Consumer Behavior from a Cardinalist and Ordinalist Approach
Consumer Behavior from a Cardinalist and Ordinalist ApproachUtility means satisfaction which consumers derive from commodities and services by purchasing different units of money.From Wikipedia, the free encyclopedia “Ineconomics, utility is a measure of satisfaction;it refers to the total satisfaction received by a consumer from consuming a good or service. “Given this measure, one may speak meaningfully of increasing or decreasing utility, and thereby explain economic behavior in terms of attempts to increase one's utility. Utility is often affected by consumption of various goods and services, possession of wealth and spending of leisure time.
According to Utilitarian’s, such as Jeremy Bentham (1748–1832) and John Stuart Mill (1806–1873), theory “Society should aim to maximize the total utility of individuals, aiming for "the greatest happiness for the greatest number of people". Another theory forwarded by John Rawls (1921–2002) would have society maximize the utility of those with the lowest utility, raising them up to create a more equitable distribution across society.
Utility is usually applied by economists in such constructs as the indifference curve, which plot the combination of commodities that an individual or a society would accept to maintain at given level of satisfaction. Individual utility and social utility can be construed as the value of a utility function and a social welfare function respectively. When coupled with production or commodity constraints, under some assumptions, these functions can be used to analyze Pareto efficiency, such as illustrated by Edgeworth boxes in contract curves. Such efficiency is a central concept in welfare economics.In finance, utility is applied to generate an individual's price for an asset called the indifference price. Utility functions are also related to risk measures, with the most common example being the entropic risk measure.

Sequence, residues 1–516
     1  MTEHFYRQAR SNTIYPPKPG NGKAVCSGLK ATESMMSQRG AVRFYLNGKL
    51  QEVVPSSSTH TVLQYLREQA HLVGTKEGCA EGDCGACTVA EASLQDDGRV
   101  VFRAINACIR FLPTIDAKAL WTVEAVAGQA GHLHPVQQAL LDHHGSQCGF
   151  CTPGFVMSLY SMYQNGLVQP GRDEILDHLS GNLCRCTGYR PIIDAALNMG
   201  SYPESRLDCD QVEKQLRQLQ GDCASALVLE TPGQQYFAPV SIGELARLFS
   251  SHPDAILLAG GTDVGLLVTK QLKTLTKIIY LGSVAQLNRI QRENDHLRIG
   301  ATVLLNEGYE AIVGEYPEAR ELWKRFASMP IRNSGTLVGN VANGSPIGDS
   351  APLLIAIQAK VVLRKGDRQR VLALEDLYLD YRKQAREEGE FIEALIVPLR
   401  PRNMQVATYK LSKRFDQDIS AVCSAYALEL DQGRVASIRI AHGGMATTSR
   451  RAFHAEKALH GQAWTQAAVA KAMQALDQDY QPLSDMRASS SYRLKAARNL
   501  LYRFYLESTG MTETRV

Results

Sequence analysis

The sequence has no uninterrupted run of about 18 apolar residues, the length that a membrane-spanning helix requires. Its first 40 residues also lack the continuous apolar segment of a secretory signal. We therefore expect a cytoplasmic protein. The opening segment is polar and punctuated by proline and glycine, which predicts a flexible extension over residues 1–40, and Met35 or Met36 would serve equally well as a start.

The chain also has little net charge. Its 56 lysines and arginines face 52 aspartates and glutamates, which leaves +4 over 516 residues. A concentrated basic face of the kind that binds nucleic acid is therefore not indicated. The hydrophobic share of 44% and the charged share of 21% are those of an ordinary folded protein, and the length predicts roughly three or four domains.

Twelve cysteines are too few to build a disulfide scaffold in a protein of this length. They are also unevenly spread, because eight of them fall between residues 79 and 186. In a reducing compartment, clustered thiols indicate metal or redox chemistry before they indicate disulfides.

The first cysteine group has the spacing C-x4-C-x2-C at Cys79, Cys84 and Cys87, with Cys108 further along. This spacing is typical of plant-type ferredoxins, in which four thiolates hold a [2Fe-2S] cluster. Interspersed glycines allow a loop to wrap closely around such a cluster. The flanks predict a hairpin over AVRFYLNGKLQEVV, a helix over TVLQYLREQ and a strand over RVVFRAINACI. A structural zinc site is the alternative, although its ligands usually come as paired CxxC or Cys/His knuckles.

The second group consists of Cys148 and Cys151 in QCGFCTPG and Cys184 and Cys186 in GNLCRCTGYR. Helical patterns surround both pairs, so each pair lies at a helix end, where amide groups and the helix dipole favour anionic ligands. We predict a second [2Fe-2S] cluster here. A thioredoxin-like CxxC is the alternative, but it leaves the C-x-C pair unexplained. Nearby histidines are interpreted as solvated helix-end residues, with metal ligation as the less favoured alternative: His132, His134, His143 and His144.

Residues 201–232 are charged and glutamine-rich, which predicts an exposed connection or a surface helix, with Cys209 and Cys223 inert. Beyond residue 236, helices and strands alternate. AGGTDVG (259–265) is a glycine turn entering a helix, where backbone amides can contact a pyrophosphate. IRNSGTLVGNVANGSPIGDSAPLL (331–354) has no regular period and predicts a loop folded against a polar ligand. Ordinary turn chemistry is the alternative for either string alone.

It was recognized that utility could not be measured or observed directly, so instead economists devised a way to infer underlying...